• Medium training (1 hour daily): 2.3 – 3.2 grams per pound
  • Low training (less than an hour): 1.3 – 2.3 grams per pound

 

Proteins

 

Proteins are another essential element to include in your diet plan.

This nutrient provides 4 calories per gram and is responsible for many activities of the body.

About 17% of your entire body weight is from protein.

Protein also plays an important role in repairing cells, blood clotting and hormone production.

Major body functions of proteins include building, strengthening and replacing tissue (9).

Some proteins are hormonal including insulin while others are structural such as collagen.

They can also be used in carrying nutrients to the body including hemoglobin.

When we eat food that contains amino acids, the body can create proteins to use in various functions.

The main sources of protein are eggs, chicken, pork, and beef.

You can also get protein from whey, fish, and soy and whole nuts and legumes.

For runners, the amount of protein needed depends on the intensity and duration of your runs.

  • If you run an hour a day, you require 0.6 grams per pound of weight. This increases the longer you run.
  • If you are training for a marathon, you can start with a protein intake of 1.2 grams and increase this to 1.5 grams per body weight on the days you do intense training.

This is, of course, different if you are want to run a 7-minute mile.

To find out what works for you, start with the minimum requirement and slowly increase until you feel the positive effect on your workout routine.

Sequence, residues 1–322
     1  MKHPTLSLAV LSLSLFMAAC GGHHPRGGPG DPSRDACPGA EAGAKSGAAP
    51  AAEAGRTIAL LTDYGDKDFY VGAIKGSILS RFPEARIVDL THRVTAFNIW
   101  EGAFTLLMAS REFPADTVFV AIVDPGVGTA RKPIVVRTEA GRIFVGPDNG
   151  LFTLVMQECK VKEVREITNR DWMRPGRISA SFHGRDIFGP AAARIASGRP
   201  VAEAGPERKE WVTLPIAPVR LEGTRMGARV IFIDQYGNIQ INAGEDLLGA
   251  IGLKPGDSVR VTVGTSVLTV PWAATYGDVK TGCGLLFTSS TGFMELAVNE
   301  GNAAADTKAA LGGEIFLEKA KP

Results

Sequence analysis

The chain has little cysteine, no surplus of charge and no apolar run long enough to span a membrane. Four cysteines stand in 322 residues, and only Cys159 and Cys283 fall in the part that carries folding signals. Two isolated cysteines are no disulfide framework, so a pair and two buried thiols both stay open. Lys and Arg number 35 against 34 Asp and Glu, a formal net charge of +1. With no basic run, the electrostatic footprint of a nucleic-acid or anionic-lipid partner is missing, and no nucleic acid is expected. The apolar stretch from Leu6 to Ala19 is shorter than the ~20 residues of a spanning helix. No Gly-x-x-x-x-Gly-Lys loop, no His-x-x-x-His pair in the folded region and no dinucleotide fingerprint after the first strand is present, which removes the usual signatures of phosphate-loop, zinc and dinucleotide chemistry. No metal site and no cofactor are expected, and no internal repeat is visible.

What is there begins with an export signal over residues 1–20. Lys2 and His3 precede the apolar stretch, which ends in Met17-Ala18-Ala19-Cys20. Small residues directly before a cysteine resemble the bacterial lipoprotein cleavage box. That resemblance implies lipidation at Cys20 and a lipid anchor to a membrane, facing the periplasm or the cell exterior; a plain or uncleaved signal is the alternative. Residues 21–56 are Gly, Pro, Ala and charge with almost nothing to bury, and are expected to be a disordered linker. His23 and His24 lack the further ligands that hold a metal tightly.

Fat

 

Contrary to common belief, fat is an important source of energy, especially for runners.

This was tested in a study published in the Journal of the International Society of Sports Nutrition.

In the study female runners who got 30% of their calories from fat had lower injury occurrence than those who ate less fat (10).

This is attributed to the fact that fat should provide 20 – 35% of daily energy so the runners with lower fat intake probably did not meet their calorie intake.

Saturated fat and monosaturated fat such as those found in avocados and olives are also good sources of Vitamin D and K2.

This makes them valuable in increasing bone density and preventing osteopetrosis.

In addition, regular intake of healthy fat can contribute to increasing muscle mass and inhibiting muscle breakdown.

Omega-3 fatty acids also support the function of the thyroid which is related to body fat regulation.

Among the top ten recommended sources of healthy fat are: avocados, dark chocolate, cheese, fatty fish, eggs, nuts, chia seeds, coconut oil, virgin oil, and yogurt.

 

Micronutrients

 

Micronutrients are defined as such because your body requires a very small amount to function (11).

They are also called vitamins and minerals.

They include sodium, iodine, copper and zinc and vitamins such as C, K, D, E and the like.

  • Sodium helps maintain the right balance of fluids in your body and also contributes to having a normal pH level.
  • Iodine is useful in metabolism and also helps to produce energy because of its relationship with the thyroid gland.
  • Magnesium is necessary for converting glucose into energy while manganese helps in bone formation.
  • Chloride, on the other hand, regulates water in your cells while the iron is essential in red blood cell production.

To make sure you get enough of these vitamins and minerals, include these foods in your diet plan: orange juice, spinach, bananas, sardines, peppers, broccoli, apricots, cashews, yogurt, almonds.

 

Sample Diet Plan

 

As we have understood, the amount of carbs, protein, and fats that you require depends on the intensity of your workout.

To give you an idea how your nutrition plan should look like, here are three meal plans that can be used as templates for different training levels (12).

 

For Easy/Low-Intensity Training

 

On these days, you should be thinking about a low carb high protein diet plan.